Fork me on GitHub
#clojure-uk
<
2018-04-30
>
dominicm05:04:40

That looks super cool

dominicm05:04:51

The domain modelling aspect sounds really interesting

jasonbell07:04:32

Morning friends

dominicm08:04:49

@yogidevbear please let us know how the book is and what you felt was really strong. I'm sure you can squeeze a book review / blog out of it 😉

💯 4
yogidevbear08:04:29

@dominicm will do. Looking forward to a lot of the chapters in the book

dominicm08:04:59

Did a chapter on spec make it in?

yogidevbear08:04:04

Yes it did 🙂

dominicm08:04:21

Interesting

yogidevbear08:04:07

Introduction

    Who This Book Is For
    What’s in This Book
    How to Read This Book
    Notation Conventions
    Web Resources and Feedback
    Downloading Sample Code

Getting Started

    Simplicity and Power in Action
    Clojure Coding Quick Start
    Navigating Clojure Libraries
    Wrapping Up

Exploring Clojure excerpt

    Reading Clojure
    Functions
    Vars, Bindings, and Namespaces
    Metadata
    Calling Java
    Comments
    Flow Control
    Where’s My for Loop?
    Wrapping Up

Unifying Data with Sequences

    Everything Is a Sequence
    Using the Sequence Library
    Lazy and Infinite Sequences
    Clojure Makes Java Seq-able
    Calling Structure-Specific Functions
    Wrapping Up

Functional Programming excerpt

    Functional Programming Concepts
    How to Be Lazy
    Lazier Than Lazy
    Recursion Revisited
    Eager Transformations
    Wrapping Up

Specifications

    Defining Specs
    Validating Data
    Validating Functions
    Generative Function Testing excerpt
    Wrapping Up

State and Concurrency

    Concurrency, Parallelism, and Locking
    Refs and Software Transactional Memory
    Use Atoms for Uncoordinated, Synchronous Updates
    Use Agents for Asynchronous Updates
    Managing Per-Thread State with Vars
    A Clojure Snake
    Wrapping Up

Protocols and Datatypes

    Programming to Abstractions
    Interfaces
    Protocols
    Datatypes
    Records
    reify
    Wrapping Up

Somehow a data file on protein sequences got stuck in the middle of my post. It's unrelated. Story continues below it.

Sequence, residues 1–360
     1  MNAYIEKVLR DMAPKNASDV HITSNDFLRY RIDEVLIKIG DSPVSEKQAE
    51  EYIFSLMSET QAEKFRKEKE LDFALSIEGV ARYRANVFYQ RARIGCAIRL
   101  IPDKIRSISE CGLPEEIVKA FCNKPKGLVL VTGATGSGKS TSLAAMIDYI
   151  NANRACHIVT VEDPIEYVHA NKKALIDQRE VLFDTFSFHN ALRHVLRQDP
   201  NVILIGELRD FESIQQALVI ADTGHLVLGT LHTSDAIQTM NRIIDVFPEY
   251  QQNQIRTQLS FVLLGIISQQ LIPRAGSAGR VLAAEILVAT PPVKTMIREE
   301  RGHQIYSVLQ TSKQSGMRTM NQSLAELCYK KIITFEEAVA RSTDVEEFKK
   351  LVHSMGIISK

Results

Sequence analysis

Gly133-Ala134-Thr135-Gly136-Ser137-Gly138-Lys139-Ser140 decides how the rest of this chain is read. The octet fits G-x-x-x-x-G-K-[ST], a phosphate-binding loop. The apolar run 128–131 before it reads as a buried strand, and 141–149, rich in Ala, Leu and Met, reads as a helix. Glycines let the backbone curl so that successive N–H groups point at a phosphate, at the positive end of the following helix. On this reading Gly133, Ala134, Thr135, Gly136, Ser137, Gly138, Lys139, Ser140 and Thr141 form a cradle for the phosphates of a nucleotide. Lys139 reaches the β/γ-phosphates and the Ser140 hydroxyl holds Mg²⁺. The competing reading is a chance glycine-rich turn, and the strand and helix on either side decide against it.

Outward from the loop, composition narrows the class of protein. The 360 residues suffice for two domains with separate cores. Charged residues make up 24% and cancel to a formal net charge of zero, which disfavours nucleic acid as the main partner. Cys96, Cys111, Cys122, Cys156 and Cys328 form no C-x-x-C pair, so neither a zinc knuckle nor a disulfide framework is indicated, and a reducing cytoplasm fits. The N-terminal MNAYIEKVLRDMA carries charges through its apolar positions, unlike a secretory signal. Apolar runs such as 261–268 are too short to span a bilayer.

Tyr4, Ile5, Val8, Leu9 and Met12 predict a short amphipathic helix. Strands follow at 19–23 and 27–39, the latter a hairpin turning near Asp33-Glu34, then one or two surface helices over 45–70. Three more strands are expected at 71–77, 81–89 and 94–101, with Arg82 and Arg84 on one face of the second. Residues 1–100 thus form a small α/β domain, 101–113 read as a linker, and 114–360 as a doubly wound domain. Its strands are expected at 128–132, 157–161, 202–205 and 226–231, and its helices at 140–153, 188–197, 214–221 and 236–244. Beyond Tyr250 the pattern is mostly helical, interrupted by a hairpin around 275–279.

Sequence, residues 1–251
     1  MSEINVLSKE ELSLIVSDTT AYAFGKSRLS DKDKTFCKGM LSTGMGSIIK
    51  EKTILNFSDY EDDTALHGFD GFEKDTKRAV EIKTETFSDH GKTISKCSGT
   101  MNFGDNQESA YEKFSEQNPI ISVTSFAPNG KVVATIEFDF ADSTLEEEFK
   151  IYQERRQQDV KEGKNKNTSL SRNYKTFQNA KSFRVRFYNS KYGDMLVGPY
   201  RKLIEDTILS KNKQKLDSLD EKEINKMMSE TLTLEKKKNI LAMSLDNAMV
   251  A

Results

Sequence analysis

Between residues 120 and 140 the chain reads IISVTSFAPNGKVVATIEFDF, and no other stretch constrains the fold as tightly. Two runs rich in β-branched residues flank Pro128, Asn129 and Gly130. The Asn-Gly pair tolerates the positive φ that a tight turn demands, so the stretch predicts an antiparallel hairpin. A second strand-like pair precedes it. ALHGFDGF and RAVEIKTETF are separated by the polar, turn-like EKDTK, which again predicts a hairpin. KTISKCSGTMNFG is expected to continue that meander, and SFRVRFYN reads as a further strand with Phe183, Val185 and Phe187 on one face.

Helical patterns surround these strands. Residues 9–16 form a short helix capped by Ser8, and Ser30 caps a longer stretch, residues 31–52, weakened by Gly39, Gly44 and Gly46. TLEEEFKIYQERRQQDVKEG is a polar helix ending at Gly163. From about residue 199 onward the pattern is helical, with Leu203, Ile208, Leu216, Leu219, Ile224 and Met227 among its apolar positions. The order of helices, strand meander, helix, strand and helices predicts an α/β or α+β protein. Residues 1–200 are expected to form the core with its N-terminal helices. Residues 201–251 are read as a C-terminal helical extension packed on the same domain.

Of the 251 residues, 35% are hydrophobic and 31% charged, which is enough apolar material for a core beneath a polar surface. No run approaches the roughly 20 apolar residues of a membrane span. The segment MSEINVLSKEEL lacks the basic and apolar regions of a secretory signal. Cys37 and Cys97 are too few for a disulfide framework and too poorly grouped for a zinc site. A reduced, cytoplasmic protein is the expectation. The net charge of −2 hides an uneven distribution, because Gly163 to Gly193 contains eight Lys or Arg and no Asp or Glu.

Macros

    When to Use Macros
    Writing a Control Flow Macro
    Making Macros Simpler
    Taxonomy of Macros
    Wrapping Up

Multimethods

    Living Without Multimethods
    Defining Multimethods
    Moving Beyond Simple Dispatch
    Creating Ad Hoc Taxonomies
    When Should I Use Multimethods?
    Wrapping Up

Java Interop

    Creating Java Objects in Clojure
    Calling Clojure From Java
    Exception Handling
    Optimizing for Performance
    A Real-World Example
    Wrapping Up

Building an Application

    Getting Started
    Developing the Game Loop
    Representing Progress
    Implementing Players
    Interactive Play
    Documenting and Testing Your Game
    Farewell

dominicm08:04:01

I may have got a little mixed up with Clojure Applied also, but I'm no longer certain.

guy09:04:41

Morning!

guy09:04:48

Hows everyone doing today? 😄

alexlynham09:04:05

2 two-hour meetings punctuated by a two hour meeting

guy09:04:53

Smells like retro and planning? 😂

alexlynham13:04:24

inception for one team, planning for another, then planning again for the first

guy13:04:49

damnnn haha oh well. At least its over now?

alexlynham13:04:18

in the third one now

guy13:04:02

oh noooo

alexlynham13:04:32

the charmed life of working in a legacy large retailer

dominicm09:04:41

You need a 2 hour meeting to plan the meeting right? If you don't plan the meeting how will anything get done?

thomas09:04:34

... how can you go into a planning meeting all unprepared? surely you need to prepare for that in a pre-pre-meeting?

guy09:04:55

Is this an example of meeting recursion?

😂 4
dominicm09:04:17

:stackoverflow:

💥 12
thomas09:04:43

maybe we need a lazy meeting sequence.... :thinking_face:

alexlynham13:04:50

at least then we won't run out of memory

3Jane09:04:27

tbh I hate people coming unprepared into meetings. there’s always a lot of faff that people could do on their own, and this stretches the meeting

guy09:04:47

thats fair as well

guy09:04:55

depends on the context of the meeting invite really

3Jane09:04:58

rather than send out materials, everyone reads them, preps their own feedback, then meet only for the purpose of collating it

3Jane09:04:29